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Interface implementations are not just found using factories. You can use compile or link time alterable implementations.
Scott Meyers recently sent me some comments on “Interface-Oriented Design”. He described a few concepts and ideas that the book should have covered in more detail.
One of the points he made regards something that I’ve used in the past, but did not really think about when writing the book. An interface does not have to be represented with an “interface” keyword or equivalent and then implemented by code using “implements” in Java or ":" in C++.
You can establish an interface as a set of methods, along with a test framework that clarifies and enforces the requirements for the methods. You then create different source code modules that provide that same set of methods. At either compile or link time, you specify which module to use for a particular version of the executable. A particular implementation of the interface can be compiled using conditional compilation. Alternatively, a different object module can be linked into the executable.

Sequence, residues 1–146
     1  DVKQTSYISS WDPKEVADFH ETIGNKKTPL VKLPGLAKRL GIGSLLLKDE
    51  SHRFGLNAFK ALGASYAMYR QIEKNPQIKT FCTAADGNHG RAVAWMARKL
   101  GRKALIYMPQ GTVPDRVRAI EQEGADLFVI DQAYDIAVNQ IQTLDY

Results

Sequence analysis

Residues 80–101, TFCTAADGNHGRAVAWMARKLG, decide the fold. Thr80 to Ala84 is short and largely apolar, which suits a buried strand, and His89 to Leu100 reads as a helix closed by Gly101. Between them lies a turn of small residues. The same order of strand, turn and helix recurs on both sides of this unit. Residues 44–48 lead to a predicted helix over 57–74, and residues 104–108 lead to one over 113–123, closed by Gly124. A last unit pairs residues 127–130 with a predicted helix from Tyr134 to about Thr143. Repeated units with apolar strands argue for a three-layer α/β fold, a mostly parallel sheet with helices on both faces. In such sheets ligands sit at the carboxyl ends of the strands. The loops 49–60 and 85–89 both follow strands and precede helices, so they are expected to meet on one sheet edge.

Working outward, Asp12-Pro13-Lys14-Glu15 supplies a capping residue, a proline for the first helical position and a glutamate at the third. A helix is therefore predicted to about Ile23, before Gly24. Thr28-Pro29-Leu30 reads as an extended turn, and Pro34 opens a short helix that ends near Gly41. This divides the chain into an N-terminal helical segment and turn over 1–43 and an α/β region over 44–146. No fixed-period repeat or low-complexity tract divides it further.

For example, you might have different types of hard disks that you are using in different versions of an embedded system. You first establish a standard hard disk interface. Using the appropriate source code modules, you implement the hard disk interface for each specific type of hard disk. Now these modules do not use the keyword “implement” or equivalent. They just provide all the methods in the interface.
At link time, you incorporate the module corresponding to the hard disk that you are using on a particular piece of equipment. Using directly linked modules eliminates the overhead of virtual function calls.
In addition, if you are using C++, you include the corresponding module header file in the code that uses the interface. If there were inline functions in that header, you would get a performance benefit.
|Ken Pugh of Pugh-Killeen Associates (www.pughkilleen.com) consults, trains, and mentors on technology topics ranging from Object-Oriented Design to Linux/Unix to the system development process. He has served clients from London to Sydney. When not computing, he enjoys snowboarding, windsurfing, biking, and hiking the Appalachian Trail.|